In FRONTLINES & FOOD LINES, NOW takes a look at how some of America's soldiers have been struggling under the current system of military compensation. According to the Department of Defense, there are various types of pay and allowances that make up the total compensation of military personnel.
Basic pay is the main component of military salary, and is determined by a member's grade and years of service. View current pay tables.
In January 2000, the FY2000 National Defense Authorization Act took effect, which increased annual military pay raises to one-half percent above private-sector average increases as measured by the Employment Cost Index (ECI). That means that while the ECI for the private sector in January 2004 was 3.2%, military personnel received a minimum of 3.7% pay raise. This guideline will be in effect through 2006, after which time the annual military pay raise will be equal to the ECI.
In addition to basic pay, allowances are provided to cover specific needs. The most common allowances are Basic Allowance for Subsistence (BAS) and Basic Allowance of Housing (BAH). BAS is provided to offset the cost of members' meals, but not those of family members. The level of BAS is adjusted each year based on the USDA food cost index. In 2004, officers receive $175.23 each month to purchase their meals while enlisted members receive either $254.46 or $262.50 a month, based on access to government facilities.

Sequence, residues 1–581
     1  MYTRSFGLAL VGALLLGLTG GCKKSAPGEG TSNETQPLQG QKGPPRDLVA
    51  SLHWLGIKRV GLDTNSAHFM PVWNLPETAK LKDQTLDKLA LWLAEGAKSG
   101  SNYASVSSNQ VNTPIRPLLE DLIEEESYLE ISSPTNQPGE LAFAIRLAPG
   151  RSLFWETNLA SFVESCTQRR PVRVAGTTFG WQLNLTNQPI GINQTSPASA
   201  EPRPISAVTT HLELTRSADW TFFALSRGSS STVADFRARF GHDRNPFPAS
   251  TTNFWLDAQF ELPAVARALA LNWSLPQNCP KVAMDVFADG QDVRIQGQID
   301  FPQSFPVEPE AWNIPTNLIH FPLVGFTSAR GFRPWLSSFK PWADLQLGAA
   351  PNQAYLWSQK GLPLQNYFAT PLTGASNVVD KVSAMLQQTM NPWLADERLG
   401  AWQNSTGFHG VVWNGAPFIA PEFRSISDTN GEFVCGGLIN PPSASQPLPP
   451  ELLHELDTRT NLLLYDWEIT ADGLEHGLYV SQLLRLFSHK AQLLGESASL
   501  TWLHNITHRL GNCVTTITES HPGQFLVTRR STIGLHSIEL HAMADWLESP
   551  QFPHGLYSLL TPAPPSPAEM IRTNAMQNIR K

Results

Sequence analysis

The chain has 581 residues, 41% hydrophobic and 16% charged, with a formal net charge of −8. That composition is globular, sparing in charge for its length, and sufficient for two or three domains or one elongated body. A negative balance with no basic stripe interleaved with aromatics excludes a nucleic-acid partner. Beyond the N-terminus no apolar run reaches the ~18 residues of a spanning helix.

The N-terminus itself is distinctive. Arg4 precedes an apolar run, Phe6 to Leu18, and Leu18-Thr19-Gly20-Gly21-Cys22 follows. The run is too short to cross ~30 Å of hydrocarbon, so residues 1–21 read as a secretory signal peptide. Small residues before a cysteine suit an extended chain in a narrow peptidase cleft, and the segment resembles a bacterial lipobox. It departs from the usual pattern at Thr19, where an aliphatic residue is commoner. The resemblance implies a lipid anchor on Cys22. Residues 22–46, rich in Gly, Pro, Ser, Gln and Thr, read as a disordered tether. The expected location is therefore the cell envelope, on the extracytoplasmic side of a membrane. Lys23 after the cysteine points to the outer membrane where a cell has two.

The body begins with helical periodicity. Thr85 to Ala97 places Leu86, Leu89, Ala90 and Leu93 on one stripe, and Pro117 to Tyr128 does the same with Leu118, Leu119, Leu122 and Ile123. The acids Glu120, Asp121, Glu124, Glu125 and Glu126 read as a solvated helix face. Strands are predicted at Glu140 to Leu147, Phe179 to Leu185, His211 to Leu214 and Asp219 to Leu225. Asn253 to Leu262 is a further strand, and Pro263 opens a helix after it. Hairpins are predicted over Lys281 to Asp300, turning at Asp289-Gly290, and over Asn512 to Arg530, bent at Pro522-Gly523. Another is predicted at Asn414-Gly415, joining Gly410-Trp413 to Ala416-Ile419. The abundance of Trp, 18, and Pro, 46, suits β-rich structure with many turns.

BAH is meant to offset the cost of housing for those members not provided with government housing. The rates vary based on location, pay grade, and whether or not there are any dependents. Rates in high-cost areas are greater than those in low-cost areas, and are outlined in a chart on the Military Compensation web site. In addition, the site provides a calculator to compute your regular military compensation based on user inputs.
Despite these allowances, some military personnel are having the same problems many Americans face food insecurity. To learn more, view NOW's state-by-state listing of the departments that oversee food relief.
NOW also has information on veterans' benefits in the United States, as well as a list of resources for more information.